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Grand Gyros, Renegade Brewing, Rocky Mountain Dogs

Dine & Dash

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Grand Gyros

Grand Gyros

3980 Palmer Park Blvd., 597-4282

I can't get Sharzi Ebra to disclose her soulful chicken seasoning ingredients, but I can guess them based on the knowledge that Ebra bought this business and its recipes 14 months ago from Nik Hashemi, now of Union Boulevard's Golden Gyros. Hashemi told the Indy last May that his olive-oil-rubbed breast meat gets salt, pepper, saffron, onion, garlic, sumac and turmeric. After a lengthy marinade, a nearly 10-minute charbroil inside a covered, tinfoil-wrapped contraption leaves the meat succulent with a mildly zesty, canary yellow exterior.

I order it on chicken salad ($7.49), subbing out the pita for excellent warm dolmas and opting for a faintly tangy cucumber yogurt dressing. Feta crumbles add salt, and a side shaker of extra sumac kicks up citrus notes. Aside from pale tomatoes that'll never live up to our backyards' and the iceberg lettuce being good for nothing but crunch, it's a delightful, light salad. — Matthew Schniper

Rocky Mountain Dogs & Burgers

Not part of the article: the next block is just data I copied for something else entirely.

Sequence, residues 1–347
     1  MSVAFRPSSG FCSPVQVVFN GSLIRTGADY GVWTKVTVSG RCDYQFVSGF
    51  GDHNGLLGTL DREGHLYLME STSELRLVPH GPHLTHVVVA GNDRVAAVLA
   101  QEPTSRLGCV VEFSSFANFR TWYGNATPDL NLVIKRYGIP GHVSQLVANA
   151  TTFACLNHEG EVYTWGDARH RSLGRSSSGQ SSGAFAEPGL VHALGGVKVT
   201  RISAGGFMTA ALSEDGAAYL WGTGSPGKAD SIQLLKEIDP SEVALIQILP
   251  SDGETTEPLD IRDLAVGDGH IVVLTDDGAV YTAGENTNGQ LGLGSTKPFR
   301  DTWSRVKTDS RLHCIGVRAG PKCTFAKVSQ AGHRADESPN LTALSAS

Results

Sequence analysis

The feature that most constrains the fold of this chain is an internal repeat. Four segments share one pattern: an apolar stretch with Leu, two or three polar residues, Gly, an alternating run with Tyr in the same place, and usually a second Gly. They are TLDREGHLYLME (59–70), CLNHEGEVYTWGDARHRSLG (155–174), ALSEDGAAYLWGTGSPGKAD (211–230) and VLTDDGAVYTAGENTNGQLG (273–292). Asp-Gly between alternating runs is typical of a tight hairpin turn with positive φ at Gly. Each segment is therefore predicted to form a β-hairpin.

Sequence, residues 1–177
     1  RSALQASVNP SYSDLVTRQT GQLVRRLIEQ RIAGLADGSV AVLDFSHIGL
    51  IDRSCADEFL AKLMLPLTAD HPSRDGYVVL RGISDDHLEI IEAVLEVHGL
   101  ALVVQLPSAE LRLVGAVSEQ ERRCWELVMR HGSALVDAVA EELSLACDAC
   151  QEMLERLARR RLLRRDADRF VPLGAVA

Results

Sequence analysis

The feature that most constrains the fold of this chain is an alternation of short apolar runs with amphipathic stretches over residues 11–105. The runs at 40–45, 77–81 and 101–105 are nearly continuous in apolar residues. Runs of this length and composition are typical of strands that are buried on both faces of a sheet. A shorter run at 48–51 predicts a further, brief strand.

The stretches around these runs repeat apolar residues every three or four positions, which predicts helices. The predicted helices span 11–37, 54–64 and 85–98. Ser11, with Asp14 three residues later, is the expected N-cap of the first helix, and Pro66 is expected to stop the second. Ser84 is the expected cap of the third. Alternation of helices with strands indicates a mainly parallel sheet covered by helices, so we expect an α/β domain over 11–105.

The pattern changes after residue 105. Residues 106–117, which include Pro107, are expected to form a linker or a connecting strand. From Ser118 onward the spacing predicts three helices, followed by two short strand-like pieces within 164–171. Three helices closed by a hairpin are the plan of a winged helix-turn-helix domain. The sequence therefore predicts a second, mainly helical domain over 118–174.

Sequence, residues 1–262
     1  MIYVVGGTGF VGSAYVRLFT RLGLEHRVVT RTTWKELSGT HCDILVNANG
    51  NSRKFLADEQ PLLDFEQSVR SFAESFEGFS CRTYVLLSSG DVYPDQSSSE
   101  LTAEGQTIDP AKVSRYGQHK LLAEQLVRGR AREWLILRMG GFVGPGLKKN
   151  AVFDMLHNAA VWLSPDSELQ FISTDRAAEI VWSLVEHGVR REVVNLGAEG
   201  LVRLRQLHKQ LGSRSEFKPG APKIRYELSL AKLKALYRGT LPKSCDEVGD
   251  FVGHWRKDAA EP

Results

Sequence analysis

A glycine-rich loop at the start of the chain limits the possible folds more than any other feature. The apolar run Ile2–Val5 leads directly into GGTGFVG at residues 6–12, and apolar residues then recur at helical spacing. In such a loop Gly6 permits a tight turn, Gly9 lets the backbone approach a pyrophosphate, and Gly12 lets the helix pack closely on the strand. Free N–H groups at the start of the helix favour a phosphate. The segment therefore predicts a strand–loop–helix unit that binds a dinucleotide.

Rocky Mountain Dogs & Burgers

2907 N. Nevada Ave., 473-2502

So, yeah, Rocky Mountain Dogs & Burgers is a little "off" inside, with greasy smoke from the open kitchen sometimes wafting through the tiny dining room, where most everything you touch might be a little sticky, dusty or both. All the tables and chairs are old, the walls are full of dated posters, and the red-white-and-blue tile could use a wipe-down. But there's something about that kind of atmosphere that makes for good hot-dog eating.

The Super Chicago-Style Dog ($4) is a jumbo version of the classic, done right. Stiff, little hot peppers? Check. Neon-green relish? Check. Celery salt over the top? You know it. Unfortunately, the cushy bun fell apart at the end, but that turned it into le hot-dog déconstruit. The chili-cheese dog ($4) came smothered in a plain, tomato-thick chili, but the juicy quarter-pound burger ($4), on a sesame-seed-encrusted bun, was big and cheap enough to make up for anything. — Bryce Crawford

Renegade Brewing Company

Renegade Brewing Company

925 W. Ninth Ave., Denver,

Renegade launched in mid-2011 and released its flagship Ryeteous Rye IPA (around $11 for four 16-ounce cans) the following summer. Along with it came the somewhat overly boastful tagline, "offensively delicious." Yes, it's at 7-percent ABV, but it drinks damn near like a session beer, and even with 60 IBUs smacks more of a pale ale than IPA. And though the hops do deliver a pleasant, promised citrus edge, the supposed spice from the rye portion of the grain bill doesn't show up decisively. Altogether, it's more rabble than rebel.

Even Samuel Adams has joined the Rye-P-A game, but I'm largely weighing Renegade's spawn against my old shift-beer favorite from my college days as an Il Vicino server: Tuck's Rye PA, which earned brewer Tucker Mitchell a bronze at the 2002 World Beer Cup. It was dry, crisp and the rye was more prominent, though still in balance with the bitterness. — Matthew Schniper


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